When I take my nose out of the encyclopedic rabbit hole that is the internet long enough to read an actual book, it’s got to be for something really special. And since we have so much in common, you and I, perhaps you might be interested in the book MessyNessy will be packing for a weekend break this summer….
The Secret Museum (Some Treasures are too precious to display)
A space suit dirtied in moon dust, Van Gogh’s personal sketchbooks, a piece of Isaac Newton’s apple– these are the sort of objects bright young author Molly Oldfield found hiding in the archives of museums around the world. To research her book, the modern history Oxford graduate and Telegraph columnist spent the last year wandering through high-security doors at the Natural History Museum in England, the bunker of the Peggy Guggenheim in Venice and venturing as far as the Afro-Brazilian museum in Salvador where she ended up drinking fresh coconuts on the beach with the museum’s curator. Wherever she had an invitation to delve into a museum basement and a couch to crash on, Molly went.
The result is a fascinating discovery into the secret collections of museums, which is in most cases, much larger than what is actually on display. Take the Flag from the Battle of Trafalgar (pictured at the top of the page); the biggest flag in the collection of the National Maritime Museum in London. But the 33ft long and 48ft high fragile relic is stored away in a box on the bottom shelf of a cabinet because there’s no space to hang it…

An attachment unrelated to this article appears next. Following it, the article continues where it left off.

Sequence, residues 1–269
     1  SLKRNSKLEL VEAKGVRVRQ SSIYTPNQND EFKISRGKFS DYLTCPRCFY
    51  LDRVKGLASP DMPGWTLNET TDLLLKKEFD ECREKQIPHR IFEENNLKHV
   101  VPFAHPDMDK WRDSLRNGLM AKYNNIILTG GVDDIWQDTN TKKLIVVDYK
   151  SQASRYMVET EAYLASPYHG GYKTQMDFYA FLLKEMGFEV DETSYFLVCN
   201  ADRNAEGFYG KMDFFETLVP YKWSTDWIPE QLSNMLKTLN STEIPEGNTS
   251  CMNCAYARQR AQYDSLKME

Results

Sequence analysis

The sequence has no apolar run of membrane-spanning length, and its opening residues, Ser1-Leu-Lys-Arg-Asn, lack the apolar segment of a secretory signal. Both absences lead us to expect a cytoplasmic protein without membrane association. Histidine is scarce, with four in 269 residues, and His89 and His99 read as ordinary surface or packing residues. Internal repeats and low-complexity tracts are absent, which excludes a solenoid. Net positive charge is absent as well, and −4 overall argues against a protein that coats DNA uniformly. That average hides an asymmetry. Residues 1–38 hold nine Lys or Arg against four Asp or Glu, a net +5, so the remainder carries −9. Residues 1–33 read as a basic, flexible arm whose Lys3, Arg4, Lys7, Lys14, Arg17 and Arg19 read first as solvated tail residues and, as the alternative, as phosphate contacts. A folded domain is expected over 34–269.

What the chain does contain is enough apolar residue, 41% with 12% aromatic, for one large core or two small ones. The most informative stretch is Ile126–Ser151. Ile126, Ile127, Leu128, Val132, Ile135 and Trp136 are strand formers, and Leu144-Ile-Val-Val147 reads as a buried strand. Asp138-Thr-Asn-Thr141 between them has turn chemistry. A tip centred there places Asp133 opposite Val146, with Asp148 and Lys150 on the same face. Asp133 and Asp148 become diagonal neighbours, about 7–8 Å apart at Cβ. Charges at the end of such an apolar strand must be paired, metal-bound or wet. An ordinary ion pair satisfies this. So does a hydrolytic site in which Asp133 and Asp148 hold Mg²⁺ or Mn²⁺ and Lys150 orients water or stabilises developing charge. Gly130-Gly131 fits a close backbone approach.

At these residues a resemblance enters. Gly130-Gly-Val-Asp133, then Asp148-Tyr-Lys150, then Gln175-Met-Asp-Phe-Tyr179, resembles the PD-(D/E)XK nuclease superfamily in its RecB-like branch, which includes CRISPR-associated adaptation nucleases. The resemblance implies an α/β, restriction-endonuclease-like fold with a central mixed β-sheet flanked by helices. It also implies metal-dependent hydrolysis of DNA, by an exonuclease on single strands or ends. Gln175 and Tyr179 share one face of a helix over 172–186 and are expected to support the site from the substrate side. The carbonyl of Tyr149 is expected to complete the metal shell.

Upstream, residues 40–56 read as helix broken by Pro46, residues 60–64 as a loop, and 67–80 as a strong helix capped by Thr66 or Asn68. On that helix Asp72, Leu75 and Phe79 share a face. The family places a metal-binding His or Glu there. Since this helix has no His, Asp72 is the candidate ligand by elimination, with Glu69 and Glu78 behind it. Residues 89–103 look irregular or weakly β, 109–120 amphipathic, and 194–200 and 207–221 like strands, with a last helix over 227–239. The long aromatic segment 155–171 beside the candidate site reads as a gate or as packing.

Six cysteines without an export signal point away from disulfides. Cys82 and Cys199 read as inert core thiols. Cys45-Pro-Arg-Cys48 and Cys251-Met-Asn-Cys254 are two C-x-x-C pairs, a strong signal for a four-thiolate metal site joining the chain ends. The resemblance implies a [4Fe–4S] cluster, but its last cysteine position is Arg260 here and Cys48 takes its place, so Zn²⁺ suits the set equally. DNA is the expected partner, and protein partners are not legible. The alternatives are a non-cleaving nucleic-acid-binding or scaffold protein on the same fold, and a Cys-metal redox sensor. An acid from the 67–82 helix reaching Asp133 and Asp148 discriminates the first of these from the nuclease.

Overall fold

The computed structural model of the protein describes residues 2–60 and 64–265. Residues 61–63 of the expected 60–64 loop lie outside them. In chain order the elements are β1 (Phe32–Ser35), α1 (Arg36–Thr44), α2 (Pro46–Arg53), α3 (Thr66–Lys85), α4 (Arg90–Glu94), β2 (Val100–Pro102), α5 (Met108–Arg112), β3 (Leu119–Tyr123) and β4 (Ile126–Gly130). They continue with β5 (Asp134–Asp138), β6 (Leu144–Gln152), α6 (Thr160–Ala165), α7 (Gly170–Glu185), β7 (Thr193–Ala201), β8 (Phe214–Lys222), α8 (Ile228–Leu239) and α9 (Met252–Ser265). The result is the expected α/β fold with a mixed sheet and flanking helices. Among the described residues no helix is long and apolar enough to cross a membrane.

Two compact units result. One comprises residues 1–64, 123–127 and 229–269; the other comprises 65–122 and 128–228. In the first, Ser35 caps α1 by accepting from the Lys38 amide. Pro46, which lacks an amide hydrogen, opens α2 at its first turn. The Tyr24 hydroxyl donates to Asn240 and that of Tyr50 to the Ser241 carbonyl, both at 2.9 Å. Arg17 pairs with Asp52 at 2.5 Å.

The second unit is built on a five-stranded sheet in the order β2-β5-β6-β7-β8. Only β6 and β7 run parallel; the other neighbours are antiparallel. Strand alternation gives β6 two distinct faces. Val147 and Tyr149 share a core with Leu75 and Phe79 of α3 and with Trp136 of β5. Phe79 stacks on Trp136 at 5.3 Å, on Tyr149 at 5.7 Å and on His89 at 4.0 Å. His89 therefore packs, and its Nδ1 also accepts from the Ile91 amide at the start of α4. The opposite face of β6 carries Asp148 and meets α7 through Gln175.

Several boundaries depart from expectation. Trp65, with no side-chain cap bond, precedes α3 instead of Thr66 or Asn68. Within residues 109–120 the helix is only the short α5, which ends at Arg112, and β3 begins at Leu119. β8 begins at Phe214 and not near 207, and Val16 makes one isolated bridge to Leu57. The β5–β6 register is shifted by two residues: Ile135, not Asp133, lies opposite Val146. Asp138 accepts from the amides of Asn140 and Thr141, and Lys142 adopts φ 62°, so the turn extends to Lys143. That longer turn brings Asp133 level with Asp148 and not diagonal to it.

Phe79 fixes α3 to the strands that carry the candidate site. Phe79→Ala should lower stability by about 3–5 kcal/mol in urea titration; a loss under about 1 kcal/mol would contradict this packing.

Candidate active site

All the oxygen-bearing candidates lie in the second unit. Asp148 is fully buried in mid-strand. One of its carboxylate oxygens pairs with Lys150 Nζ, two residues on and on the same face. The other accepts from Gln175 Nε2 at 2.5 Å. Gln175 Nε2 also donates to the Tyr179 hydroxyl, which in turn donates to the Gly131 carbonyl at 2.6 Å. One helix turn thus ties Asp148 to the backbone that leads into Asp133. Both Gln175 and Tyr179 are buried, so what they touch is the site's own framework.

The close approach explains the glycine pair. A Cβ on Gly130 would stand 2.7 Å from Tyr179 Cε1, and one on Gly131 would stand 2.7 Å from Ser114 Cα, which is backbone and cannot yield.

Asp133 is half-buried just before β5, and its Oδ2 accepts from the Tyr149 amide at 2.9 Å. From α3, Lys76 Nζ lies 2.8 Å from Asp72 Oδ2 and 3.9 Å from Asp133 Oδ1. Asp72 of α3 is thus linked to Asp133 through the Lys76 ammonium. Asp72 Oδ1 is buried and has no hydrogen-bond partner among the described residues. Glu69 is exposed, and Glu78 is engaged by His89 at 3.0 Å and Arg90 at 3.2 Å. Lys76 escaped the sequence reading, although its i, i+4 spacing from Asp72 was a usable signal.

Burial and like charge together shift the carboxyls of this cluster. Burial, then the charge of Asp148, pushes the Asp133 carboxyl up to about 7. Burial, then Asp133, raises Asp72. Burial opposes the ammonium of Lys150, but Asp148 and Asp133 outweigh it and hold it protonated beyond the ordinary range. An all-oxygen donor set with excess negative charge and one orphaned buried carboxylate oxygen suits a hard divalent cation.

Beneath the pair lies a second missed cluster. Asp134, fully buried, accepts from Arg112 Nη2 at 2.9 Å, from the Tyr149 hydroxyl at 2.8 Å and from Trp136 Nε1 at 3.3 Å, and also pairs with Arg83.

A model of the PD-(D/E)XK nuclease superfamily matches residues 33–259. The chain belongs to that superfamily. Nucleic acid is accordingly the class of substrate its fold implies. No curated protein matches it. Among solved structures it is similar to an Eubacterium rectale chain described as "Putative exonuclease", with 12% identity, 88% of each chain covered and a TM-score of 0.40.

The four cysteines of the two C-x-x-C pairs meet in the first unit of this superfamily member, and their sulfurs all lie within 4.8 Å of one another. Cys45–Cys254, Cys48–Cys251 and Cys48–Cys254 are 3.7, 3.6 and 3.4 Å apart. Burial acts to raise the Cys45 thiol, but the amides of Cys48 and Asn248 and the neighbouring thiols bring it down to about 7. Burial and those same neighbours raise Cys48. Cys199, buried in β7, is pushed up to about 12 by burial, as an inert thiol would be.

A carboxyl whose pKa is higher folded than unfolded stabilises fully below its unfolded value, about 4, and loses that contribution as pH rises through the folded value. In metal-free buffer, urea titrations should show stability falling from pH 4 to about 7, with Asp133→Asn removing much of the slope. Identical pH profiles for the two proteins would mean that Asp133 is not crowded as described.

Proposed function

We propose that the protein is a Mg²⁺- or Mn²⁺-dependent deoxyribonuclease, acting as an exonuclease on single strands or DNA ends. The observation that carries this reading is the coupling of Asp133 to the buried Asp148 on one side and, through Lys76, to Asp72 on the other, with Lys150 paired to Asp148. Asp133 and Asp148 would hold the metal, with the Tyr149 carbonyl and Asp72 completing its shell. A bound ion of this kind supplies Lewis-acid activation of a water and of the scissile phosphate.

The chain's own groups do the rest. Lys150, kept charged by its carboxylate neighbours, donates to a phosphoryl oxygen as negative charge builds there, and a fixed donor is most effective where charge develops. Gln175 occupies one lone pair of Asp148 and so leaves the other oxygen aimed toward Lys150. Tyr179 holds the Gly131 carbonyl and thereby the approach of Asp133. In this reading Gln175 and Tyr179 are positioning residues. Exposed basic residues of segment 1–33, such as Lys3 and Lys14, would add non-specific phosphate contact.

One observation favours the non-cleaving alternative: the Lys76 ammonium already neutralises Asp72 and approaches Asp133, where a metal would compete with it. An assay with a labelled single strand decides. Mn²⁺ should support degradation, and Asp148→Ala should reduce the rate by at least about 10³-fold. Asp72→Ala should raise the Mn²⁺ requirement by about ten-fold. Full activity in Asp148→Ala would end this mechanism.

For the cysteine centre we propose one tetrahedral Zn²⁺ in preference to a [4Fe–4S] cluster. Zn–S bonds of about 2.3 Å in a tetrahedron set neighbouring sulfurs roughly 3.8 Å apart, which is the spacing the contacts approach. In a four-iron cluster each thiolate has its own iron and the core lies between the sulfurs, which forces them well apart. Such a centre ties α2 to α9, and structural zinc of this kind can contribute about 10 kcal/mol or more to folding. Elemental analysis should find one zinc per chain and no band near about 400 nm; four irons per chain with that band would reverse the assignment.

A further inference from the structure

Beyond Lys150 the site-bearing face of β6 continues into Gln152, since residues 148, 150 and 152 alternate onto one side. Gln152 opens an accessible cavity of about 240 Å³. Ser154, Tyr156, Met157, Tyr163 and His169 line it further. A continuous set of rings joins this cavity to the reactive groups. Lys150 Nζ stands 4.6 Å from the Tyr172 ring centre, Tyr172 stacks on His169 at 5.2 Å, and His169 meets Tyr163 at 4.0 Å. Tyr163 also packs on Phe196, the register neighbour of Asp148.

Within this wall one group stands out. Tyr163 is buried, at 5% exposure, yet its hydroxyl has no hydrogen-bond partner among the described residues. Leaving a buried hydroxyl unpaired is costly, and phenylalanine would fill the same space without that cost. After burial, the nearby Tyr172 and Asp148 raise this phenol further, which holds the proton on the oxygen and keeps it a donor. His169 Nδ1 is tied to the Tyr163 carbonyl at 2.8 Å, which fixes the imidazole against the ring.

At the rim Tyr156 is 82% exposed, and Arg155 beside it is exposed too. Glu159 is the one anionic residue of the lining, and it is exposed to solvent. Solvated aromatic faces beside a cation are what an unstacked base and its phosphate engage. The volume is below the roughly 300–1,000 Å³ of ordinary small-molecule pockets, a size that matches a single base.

And Harrison Schmitt’s 1972 spacesuit covered in moon dust, that remains at the Smithsonian National Air and Space Museum storage facility, unseen by so many, sitting in a cold room ‘lined with hundreds of headless bodies on metal bunk beds … as if it were a morgue’.
‘Most of the Apollo spacesuits were dry-cleaned when they arrived back to Earth, but Schmitt’s never was. It’s too precious to be displayed in the museum, because no one has yet found a way to display it without damage to the suit and its moon dust.’
Then there’s Isaac Newton’s apple tree. At the London headquarters of his society, two fragments of wood from the actual tree are kept in secrecy, as well as two rulers and a prism made from the wood. One of the fragments was even taken on an adventure through space aboard a shuttle in 2010 for the astronauts to let it experience zero gravity.
Molly has been given the keys to the vaults and in her book of treasures ‘too precious to display’, she shares not just the hidden objects, but her encounters with the curators and the fascinating side stories they recounted.
Images courtesy of Harper Collins